Columbus also has a couple of less expensive pieces available. For anyone not prepared to meet Edmonton’s asking price for Hemsky, there’s Kristian Huselius to ponder. Huselius has been hurt all year and is a pending UFA, but played for Kings’ coach Darryl Sutter in Calgary and is a skilled, if meek, scorer. The advantage of taking a chance on Huselius is it’s low risk and potentially high reward if his groin issues ever clear up. In the four years between ’07 and ’10, Huselius had 77, 66, 56 and 63 points for Calgary, then Columbus, but he has managed to get into just two games so far this season. Sami Pahlsson and Vaclav Prospal are the Blue Jackets’ other unrestricted free agents up front.
Carolina is listening with interest to offers for hard-nosed Tuomo Ruutu, a potential UFA, who cost Carolina Andrew Ladd a few years back. Sutter likes his Finns and Ruutu is a more skilled version of Ville Niemenen who helped Calgary get to the 2004 final (and was really good, eliminating San Jose in the third round). Another possibility in Carolina would be Jussi Jokinen, a good shootout guy and terrific in the ’09 playoffs for Hurricanes (11 points, including 7 goals, in 18 games).
Tampa is moving up the standings again, but the feeling is the Lightning would move Ryan Malone, one of the few players remaining from the 2008 buying spree engineered by former owners Len Barrie and Oren Koules. Malone has had his share of injury issues this season; he’s a big-bodied forward, slowing down though, and the attraction will be his 16 point playoff performance for Pittsburgh in their Cup year. Malone has three years remaining on the seven-year, $31.5-million that carries an annual cap hit of $4.5-million but was front-loaded so the remaining years of the deal are fairly attractive in terms of cash paid out - $3-million, then two final years at $2.5-million. Malone’s no-movement clause ends after next year, at which point it becomes one of those limited no-trade clauses in which he can submit a list of 12 teams to which he would not accept a trade to.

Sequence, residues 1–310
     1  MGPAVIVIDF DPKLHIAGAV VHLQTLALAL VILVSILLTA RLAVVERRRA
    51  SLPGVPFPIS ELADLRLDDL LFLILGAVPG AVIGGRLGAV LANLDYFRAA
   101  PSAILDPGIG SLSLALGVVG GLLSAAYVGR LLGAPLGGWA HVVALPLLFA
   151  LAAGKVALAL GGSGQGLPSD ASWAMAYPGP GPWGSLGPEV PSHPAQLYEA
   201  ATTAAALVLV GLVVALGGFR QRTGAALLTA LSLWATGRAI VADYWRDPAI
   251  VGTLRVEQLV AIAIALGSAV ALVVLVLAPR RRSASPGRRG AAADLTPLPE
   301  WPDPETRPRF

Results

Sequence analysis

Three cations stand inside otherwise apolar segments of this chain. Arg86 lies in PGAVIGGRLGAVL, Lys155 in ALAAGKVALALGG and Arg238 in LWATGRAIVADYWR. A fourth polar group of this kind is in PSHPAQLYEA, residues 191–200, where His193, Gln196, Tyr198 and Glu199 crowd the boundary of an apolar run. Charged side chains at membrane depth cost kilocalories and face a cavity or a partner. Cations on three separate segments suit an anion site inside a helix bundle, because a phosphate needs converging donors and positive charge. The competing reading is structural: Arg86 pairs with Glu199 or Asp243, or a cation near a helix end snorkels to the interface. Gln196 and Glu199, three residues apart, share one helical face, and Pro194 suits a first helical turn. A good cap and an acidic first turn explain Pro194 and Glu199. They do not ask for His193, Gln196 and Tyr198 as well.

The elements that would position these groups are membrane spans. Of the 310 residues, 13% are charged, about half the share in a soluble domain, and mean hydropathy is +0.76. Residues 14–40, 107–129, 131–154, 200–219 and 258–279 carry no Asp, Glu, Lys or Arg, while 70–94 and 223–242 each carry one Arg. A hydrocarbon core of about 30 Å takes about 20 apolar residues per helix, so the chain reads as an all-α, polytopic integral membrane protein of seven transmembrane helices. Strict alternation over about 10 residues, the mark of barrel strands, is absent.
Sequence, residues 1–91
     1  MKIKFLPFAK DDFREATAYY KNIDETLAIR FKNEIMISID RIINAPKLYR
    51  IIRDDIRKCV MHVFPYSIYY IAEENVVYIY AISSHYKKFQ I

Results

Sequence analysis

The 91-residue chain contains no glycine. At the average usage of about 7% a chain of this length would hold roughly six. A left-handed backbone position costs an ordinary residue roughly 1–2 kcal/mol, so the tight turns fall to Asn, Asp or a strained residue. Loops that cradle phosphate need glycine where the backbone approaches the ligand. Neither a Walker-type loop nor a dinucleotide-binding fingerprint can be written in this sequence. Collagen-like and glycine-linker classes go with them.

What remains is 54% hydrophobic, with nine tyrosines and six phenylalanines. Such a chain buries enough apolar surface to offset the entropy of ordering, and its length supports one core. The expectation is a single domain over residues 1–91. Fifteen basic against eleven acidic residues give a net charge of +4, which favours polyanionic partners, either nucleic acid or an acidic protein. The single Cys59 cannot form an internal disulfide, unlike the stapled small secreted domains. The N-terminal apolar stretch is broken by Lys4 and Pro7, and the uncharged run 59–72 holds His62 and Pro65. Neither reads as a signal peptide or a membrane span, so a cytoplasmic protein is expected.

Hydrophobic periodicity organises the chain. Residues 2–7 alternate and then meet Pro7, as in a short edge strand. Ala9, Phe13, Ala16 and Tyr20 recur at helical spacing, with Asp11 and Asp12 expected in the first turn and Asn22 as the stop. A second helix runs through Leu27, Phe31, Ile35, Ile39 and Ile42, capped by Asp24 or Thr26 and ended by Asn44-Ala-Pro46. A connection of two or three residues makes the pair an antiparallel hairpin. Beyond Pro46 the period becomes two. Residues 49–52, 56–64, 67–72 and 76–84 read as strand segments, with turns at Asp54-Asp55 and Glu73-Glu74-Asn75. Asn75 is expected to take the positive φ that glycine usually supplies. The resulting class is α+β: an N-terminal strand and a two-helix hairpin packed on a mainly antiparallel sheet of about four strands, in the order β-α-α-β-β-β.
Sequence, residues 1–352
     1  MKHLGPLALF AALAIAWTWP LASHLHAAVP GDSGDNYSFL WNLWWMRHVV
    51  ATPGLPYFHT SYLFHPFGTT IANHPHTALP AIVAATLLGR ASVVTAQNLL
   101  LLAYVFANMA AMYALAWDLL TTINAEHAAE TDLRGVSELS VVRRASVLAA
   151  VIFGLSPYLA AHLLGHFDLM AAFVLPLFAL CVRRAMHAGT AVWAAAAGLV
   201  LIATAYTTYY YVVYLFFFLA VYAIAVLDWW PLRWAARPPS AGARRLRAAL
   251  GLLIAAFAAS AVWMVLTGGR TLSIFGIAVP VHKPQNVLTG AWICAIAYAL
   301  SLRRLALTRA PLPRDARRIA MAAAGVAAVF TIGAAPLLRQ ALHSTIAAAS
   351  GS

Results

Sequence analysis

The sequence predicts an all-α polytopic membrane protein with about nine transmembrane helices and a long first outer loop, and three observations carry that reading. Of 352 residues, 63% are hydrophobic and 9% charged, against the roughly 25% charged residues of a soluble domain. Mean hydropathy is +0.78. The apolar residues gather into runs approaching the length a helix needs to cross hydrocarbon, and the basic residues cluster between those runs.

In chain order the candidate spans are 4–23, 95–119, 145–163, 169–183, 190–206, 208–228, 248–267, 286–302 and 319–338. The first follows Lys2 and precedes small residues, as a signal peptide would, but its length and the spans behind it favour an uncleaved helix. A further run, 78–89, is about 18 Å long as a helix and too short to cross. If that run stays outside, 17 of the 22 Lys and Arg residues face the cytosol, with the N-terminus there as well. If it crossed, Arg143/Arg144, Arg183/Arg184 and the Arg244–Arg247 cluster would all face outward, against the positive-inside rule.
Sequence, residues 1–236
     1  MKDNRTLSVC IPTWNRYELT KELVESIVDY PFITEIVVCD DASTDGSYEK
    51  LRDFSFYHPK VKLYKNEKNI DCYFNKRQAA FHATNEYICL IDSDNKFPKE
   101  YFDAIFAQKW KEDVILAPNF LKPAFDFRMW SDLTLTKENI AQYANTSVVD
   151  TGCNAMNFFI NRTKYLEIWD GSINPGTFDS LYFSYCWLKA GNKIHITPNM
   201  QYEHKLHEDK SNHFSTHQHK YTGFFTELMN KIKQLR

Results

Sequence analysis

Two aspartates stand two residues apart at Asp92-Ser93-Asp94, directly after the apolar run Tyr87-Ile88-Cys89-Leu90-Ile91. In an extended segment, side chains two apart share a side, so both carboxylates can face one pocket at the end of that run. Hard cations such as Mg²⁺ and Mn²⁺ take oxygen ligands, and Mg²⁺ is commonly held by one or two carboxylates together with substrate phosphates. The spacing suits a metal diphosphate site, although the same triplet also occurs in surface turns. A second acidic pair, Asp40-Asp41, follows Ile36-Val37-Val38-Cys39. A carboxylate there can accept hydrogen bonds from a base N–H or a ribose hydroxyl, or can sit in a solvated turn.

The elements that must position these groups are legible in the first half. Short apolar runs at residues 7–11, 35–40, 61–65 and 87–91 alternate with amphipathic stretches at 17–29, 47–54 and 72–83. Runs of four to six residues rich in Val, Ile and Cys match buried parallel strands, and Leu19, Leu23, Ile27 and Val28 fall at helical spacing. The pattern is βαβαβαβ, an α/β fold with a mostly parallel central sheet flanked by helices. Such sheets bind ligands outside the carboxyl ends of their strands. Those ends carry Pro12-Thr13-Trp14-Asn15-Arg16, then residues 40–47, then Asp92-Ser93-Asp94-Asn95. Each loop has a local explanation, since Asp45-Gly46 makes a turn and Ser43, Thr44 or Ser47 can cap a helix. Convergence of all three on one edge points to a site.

THE FOLLY OF THE THREE-POINT GAME: In January, 48 out of 180 games went to overtime or a shootout, meaning 48 times, a single game produced three points in the standings - two for the winner, one for the loser - while the other 132 games produced the standard two. If the NHL is truly insistent that every game requires a winner and a loser, fine. But they can’t keep making some games more valuable than others. The rest of the world puts a greater value on regulation wins compared to shootout or overtime wins. They use the three-point system in the Olympics, at the world juniors, in Russia's KHL, in other Euro hockey leagues, even in the English Premiership. Hey if it's good enough for Chelsea and Man U, it should be good enough for the NHL.
But nobody in a position to do something about the system wants to change anything because it accomplishes two things for the league. First, it creates the illusion that about 24 teams are competitive because they are all at or above the new fake .500, which is the only way to describe a system that lumps regulation and overtime victories into a single category, but considers regulation and overtime losses two completely different animals. Secondly, it keeps the playoff races alive in most years right down to the wire. Even though the nonsense of having some games produce three points in the standings and others just two is completely irrational, the league will continue to do it because the alternative is what you have in major league baseball, with half the league out of playoff contention by the all-star break and two thirds done by the start of September. All those empty stadiums in the final month for major league baseball’s also-rans? That's commissioner Gary Bettman's worst nightmare, and the reason the point system isn’t going to change any time soon.